This commitment recognises that the martial arts community is however in many respects self governing, to the extent that no school or instructor is compelled to affiliate with a government recognised national body, and that the same goes for the adherence to policies or codes of practice mentioned. On a positive note more and more venues as part of their risk management are insisting that instructors using their facilities have both appropriate accreditation and insurance.

So what does the AJF do to screen schools who seek membership, and the senior instructor there-in … This is a three stage process: Stage 1 Associate membership – the school confirms that they satisfy the discipline criteria i.e. that they are teaching jujitsu or a related martial art. Stage 2 Accreditation – person(s) within the school attend a very full weekend course as approved under the NCAS program, and complete the required post course assignments. This will include commitment to the code of behaviour, the member protection policy, and the anti-doping policy; plus providing documentation in regard to their school, their grading criteria, and their grade authority. Stage 3 Member school status (full membership) – here the documentation of the school is presented to an ‘annual general meeting’ of members for consideration.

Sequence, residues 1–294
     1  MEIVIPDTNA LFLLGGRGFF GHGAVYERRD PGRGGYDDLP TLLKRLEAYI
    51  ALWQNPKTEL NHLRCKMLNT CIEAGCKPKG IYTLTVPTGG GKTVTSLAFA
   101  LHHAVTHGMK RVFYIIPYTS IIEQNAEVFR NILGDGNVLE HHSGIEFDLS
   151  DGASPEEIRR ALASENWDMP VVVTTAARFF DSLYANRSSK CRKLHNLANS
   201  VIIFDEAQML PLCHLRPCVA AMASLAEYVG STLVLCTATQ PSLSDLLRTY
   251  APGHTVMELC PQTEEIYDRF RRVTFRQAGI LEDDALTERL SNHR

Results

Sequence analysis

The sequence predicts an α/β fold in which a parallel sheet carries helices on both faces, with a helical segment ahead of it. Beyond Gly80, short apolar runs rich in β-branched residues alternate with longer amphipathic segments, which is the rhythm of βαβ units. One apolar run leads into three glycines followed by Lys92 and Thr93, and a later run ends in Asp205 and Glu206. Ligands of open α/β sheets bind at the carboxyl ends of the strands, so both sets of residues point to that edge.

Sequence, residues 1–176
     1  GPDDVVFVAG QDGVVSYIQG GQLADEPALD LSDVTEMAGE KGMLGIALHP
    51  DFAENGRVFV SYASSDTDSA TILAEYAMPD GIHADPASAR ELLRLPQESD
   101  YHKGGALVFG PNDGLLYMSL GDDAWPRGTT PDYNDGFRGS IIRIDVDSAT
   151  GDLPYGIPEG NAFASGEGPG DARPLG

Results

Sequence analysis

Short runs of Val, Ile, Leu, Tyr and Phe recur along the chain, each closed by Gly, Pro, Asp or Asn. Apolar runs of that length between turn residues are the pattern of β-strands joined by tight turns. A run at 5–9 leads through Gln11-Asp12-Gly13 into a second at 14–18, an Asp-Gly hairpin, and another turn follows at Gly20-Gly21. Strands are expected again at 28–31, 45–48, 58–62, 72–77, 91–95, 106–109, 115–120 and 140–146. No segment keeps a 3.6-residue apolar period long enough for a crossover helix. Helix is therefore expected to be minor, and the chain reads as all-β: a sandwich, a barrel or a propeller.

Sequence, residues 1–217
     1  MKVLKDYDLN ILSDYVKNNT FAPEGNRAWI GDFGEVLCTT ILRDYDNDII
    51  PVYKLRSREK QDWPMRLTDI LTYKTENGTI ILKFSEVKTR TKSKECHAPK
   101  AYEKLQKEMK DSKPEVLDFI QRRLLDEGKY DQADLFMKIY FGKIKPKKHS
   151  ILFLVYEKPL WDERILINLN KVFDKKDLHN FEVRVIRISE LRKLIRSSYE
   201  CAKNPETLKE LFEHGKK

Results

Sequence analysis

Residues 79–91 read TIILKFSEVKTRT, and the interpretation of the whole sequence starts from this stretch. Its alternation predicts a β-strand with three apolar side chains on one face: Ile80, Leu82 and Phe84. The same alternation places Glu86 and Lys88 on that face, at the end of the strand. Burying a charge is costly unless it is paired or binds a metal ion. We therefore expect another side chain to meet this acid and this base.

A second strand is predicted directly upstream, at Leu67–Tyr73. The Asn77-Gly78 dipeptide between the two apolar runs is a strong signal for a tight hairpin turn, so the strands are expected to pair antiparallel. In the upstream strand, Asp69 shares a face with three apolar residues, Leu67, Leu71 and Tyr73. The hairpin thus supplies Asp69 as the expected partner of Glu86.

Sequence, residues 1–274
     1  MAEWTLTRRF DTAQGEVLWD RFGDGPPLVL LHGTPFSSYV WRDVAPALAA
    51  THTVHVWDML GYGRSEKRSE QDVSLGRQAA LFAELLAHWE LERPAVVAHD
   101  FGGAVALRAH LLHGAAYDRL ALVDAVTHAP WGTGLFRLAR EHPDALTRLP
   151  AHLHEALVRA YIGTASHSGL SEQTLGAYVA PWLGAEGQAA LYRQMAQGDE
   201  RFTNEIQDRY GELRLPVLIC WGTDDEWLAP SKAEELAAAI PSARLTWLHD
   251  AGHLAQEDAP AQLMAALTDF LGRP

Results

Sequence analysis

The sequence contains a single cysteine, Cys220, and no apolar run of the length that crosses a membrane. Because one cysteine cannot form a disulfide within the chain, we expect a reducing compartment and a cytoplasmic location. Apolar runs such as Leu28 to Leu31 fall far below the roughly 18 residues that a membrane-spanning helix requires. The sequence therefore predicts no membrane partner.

At this point it should be noted that these three Stages do not purport to validate a schools curriculum or an instructors grade qualification … What the process seeks to ensure is that a student or potential student has access to what will be taught within a school, and to the level of competency required to progress through the grading system of the school … plus through the NCAS program, provide coaches with a recognised level of coaching accreditation, an emphasis of which includes the instructors duty of care. All aimed at providing the community and students with greater information to make informed choices as to the system in which they choose to learn.